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Since the late 1980s, incidence of human immunodeficiency virus infection (HIV) has declined 80% among injecting-drug users (IDUs) in the United States; in 2006, an estimated 6,600 (12%) of new HIV infections occurred among IDUs.1 To assess HIV-associated behaviors among IDUs at risk for HIV infection, CDC analyzed data from the National HIV Behavioral Surveillance System (NHBS) collected during May 2005–February 2006 (the most recent data available). The results of that analysis indicated that, during that period, 31.8% of participating IDUs reported sharing syringes, and 62.6% had unprotected vaginal sex; 71.5% had been tested for HIV, and 27.4% had participated in an HIV behavioral intervention. These data can help guide local, state, and national prevention services tailored to IDUs at risk for HIV infection and other bloodborne or sexually transmitted infections.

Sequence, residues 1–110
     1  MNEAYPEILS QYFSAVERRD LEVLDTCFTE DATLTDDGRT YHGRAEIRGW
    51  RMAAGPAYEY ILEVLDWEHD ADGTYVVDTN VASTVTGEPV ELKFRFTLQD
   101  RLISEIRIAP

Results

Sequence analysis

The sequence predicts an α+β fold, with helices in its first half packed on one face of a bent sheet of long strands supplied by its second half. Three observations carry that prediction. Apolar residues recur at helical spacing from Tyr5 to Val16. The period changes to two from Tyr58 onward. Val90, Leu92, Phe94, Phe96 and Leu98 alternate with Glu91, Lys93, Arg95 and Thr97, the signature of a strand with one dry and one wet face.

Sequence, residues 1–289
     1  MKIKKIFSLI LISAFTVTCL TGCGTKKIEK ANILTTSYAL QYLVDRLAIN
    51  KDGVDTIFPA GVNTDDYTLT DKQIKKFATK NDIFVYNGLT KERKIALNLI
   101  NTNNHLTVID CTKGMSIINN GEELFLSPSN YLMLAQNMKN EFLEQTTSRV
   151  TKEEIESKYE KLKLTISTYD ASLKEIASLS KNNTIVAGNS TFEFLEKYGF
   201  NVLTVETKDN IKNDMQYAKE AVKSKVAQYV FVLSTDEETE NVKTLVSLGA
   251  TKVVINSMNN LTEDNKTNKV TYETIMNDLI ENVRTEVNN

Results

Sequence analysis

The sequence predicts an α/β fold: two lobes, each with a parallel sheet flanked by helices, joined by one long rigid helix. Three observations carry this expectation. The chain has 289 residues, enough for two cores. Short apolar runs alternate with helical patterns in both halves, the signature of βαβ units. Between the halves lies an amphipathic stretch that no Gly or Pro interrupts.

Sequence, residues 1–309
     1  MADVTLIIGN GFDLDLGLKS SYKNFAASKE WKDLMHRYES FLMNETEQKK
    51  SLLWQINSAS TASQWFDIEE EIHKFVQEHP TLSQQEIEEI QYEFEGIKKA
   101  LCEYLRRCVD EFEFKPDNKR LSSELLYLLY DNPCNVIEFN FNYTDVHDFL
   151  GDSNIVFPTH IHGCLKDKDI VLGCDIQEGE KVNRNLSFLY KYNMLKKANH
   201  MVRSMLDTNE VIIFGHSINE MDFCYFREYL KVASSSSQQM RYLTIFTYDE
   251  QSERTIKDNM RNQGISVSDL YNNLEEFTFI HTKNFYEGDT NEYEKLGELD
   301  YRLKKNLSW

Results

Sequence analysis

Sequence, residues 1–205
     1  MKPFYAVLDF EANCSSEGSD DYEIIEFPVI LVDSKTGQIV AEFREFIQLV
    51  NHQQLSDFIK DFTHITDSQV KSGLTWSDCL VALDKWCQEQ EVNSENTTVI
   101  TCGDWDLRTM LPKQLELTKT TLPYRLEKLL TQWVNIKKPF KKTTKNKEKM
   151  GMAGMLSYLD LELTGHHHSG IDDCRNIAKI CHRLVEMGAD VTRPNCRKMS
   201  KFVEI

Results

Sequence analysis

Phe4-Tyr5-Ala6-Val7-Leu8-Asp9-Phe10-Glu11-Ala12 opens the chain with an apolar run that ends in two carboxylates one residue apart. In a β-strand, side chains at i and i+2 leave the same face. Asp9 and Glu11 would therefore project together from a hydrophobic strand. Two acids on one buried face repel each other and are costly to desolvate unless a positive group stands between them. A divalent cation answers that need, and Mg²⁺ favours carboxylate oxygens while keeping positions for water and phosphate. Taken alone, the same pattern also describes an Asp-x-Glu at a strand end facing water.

HIV-Associated Behaviors Among Injecting-Drug Users—23 Cities, United States, May 2005–February 2006. JAMA. 2009;302(4):376–377. doi:https://doi.org/
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